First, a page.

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have afcribed to the influence of dæmons, not on- (4.) DÆMONIACS, ARGUMENTS FOR THE EI. ly that species of madness in which the patient is ISTENCE OF. In opposition to these arguments raving and furious, but also melancholy madness. ( 3.) the following are urged by the DæmonianOf John, who secluded himself from intercourse ifs. In the days of our Saviour, it would appear wit the world, and was diftinguished for abfti. that dæmoniacal poffeflion was very frequent apence and acts of mortification, they said, He bath mong the Jews and the neighbouring nations. a damon. The youth, whose father applied to Many were the evil spirits whom Jesus is related Jesus to free him from an evil spirit, describing in the gospels to have ejected from patients that his unhappy condition in there words, Have mer. were brought unto him as possessed and tormentcy on my son for he is Immatic, and fore vexed with ed by those malevolent dæmons. His apostles too, á demon: for of times be falleth into the fire, and and the first Christians, who were most active and cft into the water, was plainly epileptic. Every successful in the propagation of Christianity, apthing indeed that is related in the New Testament pear to have often exerted the miraculous powers concerning dæmoniacs, proves that they were with which they were endowed on fimilar occapeople affected with such natural difeases as are fions. The dæmons displayed a degree of know. far from being uncommon among mankind in the ledge and malevolence which sufficiently diftin. present age. When the fymptoms of disorders guished them from human beings: and the lan-pere cured by our Saviour and bis apostles as cases of guage in which the dæmoniacs are mentioned, and demoniacal poffeffion, correspond so exactly with the actions and fentiments ascribed to them in the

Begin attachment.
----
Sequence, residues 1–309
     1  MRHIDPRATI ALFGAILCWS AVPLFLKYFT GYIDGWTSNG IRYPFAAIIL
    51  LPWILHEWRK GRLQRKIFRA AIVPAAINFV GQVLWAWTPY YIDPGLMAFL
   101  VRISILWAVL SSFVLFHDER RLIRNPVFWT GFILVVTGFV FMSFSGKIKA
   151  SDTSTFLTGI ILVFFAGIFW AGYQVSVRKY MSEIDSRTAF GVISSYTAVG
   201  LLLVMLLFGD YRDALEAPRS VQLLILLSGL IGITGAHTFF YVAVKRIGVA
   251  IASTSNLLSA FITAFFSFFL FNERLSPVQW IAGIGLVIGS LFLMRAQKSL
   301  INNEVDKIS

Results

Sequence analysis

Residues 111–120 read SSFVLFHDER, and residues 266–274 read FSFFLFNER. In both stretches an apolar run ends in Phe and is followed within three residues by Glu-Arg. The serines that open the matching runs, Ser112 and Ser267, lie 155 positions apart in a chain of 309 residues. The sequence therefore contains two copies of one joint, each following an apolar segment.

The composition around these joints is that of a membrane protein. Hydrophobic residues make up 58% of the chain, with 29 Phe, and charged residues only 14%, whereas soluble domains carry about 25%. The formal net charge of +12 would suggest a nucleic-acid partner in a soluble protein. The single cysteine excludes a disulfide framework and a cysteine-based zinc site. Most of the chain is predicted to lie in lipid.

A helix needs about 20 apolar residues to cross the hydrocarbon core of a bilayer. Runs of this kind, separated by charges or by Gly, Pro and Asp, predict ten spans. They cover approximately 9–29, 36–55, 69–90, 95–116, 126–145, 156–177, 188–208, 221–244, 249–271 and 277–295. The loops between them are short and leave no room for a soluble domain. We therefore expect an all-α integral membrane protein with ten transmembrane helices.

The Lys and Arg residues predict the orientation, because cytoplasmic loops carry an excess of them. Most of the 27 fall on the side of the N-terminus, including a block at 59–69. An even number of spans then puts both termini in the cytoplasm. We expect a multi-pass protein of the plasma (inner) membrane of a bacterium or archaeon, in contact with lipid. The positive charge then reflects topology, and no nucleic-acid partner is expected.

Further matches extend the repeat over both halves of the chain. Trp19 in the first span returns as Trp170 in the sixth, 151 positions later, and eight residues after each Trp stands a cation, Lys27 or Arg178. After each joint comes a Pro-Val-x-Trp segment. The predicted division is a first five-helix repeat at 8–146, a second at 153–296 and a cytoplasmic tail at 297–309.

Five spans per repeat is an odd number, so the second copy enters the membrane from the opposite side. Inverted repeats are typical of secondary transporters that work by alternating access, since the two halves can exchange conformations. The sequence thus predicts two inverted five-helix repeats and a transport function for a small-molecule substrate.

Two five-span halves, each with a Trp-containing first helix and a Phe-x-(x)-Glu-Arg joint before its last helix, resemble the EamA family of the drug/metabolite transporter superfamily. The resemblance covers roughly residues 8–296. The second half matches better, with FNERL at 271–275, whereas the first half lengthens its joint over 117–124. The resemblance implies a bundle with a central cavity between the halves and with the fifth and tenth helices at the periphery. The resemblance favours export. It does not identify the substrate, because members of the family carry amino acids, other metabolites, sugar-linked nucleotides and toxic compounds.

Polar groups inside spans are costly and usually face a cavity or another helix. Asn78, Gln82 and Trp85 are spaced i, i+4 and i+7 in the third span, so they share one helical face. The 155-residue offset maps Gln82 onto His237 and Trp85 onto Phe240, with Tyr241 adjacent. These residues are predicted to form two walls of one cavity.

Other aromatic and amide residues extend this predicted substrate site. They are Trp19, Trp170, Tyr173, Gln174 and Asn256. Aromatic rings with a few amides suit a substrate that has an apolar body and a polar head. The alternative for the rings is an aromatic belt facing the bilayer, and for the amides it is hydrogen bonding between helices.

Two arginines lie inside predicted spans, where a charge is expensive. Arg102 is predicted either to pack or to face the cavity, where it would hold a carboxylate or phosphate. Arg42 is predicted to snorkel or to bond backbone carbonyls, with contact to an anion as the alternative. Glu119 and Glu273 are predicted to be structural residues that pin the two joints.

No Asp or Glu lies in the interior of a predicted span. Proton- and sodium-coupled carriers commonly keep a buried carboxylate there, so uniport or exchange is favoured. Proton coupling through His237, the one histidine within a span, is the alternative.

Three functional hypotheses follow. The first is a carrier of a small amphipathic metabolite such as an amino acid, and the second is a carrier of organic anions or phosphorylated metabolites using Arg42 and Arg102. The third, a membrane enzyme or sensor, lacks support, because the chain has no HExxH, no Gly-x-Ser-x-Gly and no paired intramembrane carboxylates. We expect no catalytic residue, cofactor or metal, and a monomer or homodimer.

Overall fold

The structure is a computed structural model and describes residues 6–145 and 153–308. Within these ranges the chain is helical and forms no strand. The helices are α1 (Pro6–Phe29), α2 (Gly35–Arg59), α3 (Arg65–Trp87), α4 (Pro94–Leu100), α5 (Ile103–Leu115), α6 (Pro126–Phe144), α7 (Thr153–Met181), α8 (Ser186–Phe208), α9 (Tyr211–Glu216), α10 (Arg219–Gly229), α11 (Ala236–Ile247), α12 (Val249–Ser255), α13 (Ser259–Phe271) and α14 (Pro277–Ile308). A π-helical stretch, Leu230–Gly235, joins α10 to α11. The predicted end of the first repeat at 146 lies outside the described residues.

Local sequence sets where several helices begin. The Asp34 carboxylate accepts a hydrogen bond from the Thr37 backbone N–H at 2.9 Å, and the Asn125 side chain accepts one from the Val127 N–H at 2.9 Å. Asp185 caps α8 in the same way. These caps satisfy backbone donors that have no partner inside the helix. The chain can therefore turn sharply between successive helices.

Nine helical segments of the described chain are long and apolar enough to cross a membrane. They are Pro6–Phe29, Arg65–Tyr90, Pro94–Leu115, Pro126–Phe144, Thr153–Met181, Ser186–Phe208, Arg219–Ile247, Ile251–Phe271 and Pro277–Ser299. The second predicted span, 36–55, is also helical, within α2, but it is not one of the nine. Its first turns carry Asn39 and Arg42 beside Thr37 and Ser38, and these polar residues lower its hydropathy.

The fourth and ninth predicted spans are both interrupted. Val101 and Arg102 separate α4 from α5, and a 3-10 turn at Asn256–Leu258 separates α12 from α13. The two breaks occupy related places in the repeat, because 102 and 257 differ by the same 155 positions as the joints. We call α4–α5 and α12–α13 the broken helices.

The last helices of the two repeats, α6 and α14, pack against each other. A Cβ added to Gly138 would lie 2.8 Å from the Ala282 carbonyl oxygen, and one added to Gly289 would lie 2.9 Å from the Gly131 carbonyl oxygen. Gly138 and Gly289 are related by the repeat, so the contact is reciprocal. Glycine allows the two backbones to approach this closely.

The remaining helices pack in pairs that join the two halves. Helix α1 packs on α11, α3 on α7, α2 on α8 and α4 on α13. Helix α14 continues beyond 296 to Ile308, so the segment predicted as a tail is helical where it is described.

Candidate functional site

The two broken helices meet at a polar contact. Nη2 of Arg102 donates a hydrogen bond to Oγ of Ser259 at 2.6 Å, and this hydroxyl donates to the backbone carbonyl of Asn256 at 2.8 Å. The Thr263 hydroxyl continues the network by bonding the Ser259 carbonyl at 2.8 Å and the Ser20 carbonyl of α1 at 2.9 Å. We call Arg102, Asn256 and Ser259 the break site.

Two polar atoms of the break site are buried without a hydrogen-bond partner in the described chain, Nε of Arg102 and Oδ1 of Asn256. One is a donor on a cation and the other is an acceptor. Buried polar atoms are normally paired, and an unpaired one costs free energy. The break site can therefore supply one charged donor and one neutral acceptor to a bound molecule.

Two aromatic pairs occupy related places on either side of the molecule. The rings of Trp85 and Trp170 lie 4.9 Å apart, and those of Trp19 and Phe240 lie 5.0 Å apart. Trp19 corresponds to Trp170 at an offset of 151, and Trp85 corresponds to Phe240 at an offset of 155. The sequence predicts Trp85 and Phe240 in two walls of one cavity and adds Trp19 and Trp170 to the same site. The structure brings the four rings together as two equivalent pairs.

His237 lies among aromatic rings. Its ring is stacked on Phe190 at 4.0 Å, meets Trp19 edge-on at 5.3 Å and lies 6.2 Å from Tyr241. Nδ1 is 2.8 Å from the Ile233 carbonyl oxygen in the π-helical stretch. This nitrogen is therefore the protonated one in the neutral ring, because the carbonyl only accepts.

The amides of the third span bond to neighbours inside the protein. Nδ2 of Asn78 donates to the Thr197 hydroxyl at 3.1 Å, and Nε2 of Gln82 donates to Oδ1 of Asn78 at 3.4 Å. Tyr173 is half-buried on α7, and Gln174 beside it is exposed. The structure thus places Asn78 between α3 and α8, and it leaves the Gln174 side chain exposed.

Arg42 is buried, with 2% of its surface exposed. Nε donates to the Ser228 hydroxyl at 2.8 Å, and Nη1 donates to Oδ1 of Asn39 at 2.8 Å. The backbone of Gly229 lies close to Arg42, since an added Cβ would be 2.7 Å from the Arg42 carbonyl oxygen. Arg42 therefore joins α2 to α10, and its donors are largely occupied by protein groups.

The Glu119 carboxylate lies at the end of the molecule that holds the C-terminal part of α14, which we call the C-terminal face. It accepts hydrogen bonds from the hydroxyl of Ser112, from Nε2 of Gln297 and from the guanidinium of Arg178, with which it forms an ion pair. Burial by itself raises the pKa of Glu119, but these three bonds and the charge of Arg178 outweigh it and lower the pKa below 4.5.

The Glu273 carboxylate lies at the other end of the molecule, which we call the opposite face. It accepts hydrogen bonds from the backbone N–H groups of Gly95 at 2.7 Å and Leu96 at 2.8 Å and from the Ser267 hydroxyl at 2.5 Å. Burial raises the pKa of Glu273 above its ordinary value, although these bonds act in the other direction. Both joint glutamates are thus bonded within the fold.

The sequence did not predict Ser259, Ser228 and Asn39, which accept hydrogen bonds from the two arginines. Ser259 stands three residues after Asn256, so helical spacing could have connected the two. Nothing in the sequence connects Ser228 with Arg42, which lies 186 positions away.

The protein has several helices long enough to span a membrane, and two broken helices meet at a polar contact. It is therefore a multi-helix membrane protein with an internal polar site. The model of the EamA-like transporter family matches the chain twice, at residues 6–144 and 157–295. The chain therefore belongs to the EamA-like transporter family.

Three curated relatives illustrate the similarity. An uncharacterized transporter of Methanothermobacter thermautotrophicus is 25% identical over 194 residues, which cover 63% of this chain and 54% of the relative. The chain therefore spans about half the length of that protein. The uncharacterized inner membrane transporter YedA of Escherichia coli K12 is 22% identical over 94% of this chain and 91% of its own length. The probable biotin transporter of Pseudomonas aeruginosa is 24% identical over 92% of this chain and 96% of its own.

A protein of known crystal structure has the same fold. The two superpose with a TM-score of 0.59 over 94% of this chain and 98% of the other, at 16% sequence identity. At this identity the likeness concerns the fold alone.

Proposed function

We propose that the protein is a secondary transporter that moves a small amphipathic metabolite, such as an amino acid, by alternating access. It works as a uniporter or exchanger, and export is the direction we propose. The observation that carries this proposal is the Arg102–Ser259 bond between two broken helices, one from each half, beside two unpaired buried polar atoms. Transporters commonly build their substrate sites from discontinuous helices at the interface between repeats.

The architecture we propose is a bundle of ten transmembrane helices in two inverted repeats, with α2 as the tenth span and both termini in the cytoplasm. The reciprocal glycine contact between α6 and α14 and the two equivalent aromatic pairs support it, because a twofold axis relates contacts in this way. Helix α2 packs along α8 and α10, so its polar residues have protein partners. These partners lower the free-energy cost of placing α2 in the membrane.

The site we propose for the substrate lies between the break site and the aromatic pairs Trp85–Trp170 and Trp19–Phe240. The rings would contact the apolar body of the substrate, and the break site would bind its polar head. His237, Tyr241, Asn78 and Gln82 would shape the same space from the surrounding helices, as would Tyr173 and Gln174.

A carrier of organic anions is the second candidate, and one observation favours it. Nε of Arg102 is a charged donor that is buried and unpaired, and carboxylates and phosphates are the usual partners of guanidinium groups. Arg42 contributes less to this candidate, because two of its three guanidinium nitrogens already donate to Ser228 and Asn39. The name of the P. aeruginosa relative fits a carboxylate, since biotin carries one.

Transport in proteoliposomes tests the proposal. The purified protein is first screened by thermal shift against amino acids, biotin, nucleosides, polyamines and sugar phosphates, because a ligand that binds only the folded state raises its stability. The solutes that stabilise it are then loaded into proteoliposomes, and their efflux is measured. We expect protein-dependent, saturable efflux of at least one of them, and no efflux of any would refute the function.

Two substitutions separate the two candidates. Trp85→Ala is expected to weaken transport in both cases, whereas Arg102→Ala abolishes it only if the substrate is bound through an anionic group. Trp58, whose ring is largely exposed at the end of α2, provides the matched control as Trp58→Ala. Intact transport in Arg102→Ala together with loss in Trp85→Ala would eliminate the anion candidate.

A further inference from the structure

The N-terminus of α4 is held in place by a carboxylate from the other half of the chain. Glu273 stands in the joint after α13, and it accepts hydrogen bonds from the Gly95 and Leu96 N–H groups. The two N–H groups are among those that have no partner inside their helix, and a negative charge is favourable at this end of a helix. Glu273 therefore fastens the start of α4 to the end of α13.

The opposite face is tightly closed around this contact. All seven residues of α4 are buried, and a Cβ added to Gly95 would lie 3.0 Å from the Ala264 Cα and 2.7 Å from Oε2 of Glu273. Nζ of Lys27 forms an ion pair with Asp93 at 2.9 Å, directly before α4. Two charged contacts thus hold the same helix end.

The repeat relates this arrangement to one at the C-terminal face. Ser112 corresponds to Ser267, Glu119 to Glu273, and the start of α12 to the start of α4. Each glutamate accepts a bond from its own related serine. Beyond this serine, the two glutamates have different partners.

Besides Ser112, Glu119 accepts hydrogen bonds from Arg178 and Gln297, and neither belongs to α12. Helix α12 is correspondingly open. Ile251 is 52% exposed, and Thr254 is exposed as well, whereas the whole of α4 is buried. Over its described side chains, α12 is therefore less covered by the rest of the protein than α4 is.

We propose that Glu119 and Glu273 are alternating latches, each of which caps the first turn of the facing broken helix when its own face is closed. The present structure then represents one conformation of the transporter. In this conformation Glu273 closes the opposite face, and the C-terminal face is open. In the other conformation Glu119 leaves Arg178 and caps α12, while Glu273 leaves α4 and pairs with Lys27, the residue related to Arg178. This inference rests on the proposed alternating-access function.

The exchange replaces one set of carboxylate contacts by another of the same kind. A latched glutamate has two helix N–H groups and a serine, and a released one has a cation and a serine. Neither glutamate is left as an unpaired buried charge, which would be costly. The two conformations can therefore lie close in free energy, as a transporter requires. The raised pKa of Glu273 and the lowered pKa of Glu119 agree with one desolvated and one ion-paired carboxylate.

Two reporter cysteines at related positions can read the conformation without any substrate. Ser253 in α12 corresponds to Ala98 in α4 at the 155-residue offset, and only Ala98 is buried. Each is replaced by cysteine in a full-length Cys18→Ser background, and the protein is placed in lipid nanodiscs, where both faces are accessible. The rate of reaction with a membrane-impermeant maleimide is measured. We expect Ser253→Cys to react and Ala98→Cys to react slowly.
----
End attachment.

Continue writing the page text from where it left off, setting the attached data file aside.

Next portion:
2 Kt : Those of diseases well known as datural in the pre- New Testament, Mow'that our Saviour and his *** fent age, it would be absurd to impute them to a apostles did not conlider the idea of dæmoniacal fupernatural cause. It is much more confiftent poffeffion as being merely a vulgar error concern-' - but with common sense and found philosophy to fup-: ing the origin of a disease or disčases produced by pose, that our Saviour and his apostles wisely, natural caules. The more enlightened cannot aland with that condescension to the weakness and ways avoid the use of metaphorical modes of exprejudices of those with whom they conversed, preslion ; which though founded upon error, yet the which fo eminently distinguished the character of have been so established in language by the influent the author of our holy religion, and must always ence of custom, that they cannot be suddenly disa be a prominent feature in the character of the true miffed. But in descriptions of characters, in the way Christian, adopted the vulgar language in speaking narration of facts, and in the laying down of fylof those unfortunate persons who were groundless tems of doctrine, we require different roles to be liste ly imagined to be poffcffed with dæmons, though observed. Should any person, in compliance with on they well knew the notions which had given rise popular opinions, talk in serious language of the to lich modes of expression to be ill founded, existence, dispositions, declarations, and actions than to imagine that diseases which arise at pre- of a race of beings whom he knew to be absolute de fent from natural causes, were produced in days ly fabulous, we furely could not praise hiin for inten of old by the intervention of dæmons, or that e. integrity; we must suppose him to be either exvil spirits ftill continue to enter into mankind in all ulting in irony over the weak credulity of those a-, cases of madness, melancholy, or epilepsy: Be- round him, or taking advantage of their weaknefi, fides, it is by no means a fuficient reason for with the dishoneity and the fèlfith views of an imreceiving any doctrine as true, that it has been postor.. And if he himself should pretend to any persona generally received through the world. Error, like connection with this imaginary system of beings; an epidemical difease, is communicated from one and should claiin, in consequence of his connected fo another. In certain circumstances, too, the tion with them, particular honours from his con influence of imagination predominates, and re. temporaries; whatever might be the dignity of ftrains the exertions of reason. Many false opi-' his character in all other respects, nobody could nions have extended their influence through a ve- hesitate to brand him as an impostor. In this light ry wide circle, and maintained it long.. On every must we regard the conduct of our Saviour and such occation as the present, therefore, it becomes his apostles, if the idea of dæmoniacal poffeßion us to enquire, not so much how generally any were to be considered merely as a vulgar error. opinion has been received, or how long it They talked and acted as if they believed that e. lias prevailed, as from what cause it has ori- vil spirits had actually entered into those who were ginated, and on what evidence it rests. When brought to them as pofilled with devils, and as we contemplate the frame of nature, we behold á If those spirits had been actually expelled by their. grand and beautiful fimplicity prevailing through authority out of the unhappy persons whom they the whole : Notwithstanding its immenfe extent, had poflètred. They demanded too, to have their and though it contains fuch numberless divertities policllions and declarations believed, in conseof beirig ; yet the simplest machine constructed by quence of their performing such mighty works, Human art does not display greater fimplicity, or and having thus triumphed over the powers of an happier connection of parts. We may there- hell. The reality of dæmoniacal poffeffion stands fin infer, by analogy, from what is observable upon the same evidence with the gospel system of the order of nature in general to the present in general. Nor is there any thing unreasonable to me cate; that to permit evil spirits to interméddle with in this doctrine. it does not appear to contradictions the concerr.s of human lite, would be to break those ideas, which the general appearances of nathrouch that order which the Deity appears to ture and the series of events fuggeft, concerning have established through his works; it would be the benevolence and wisdom of the Deity, by to introduce a degree of confusion unworthy of which he regulates the affairs of the universe, the wildom of Divine Providence.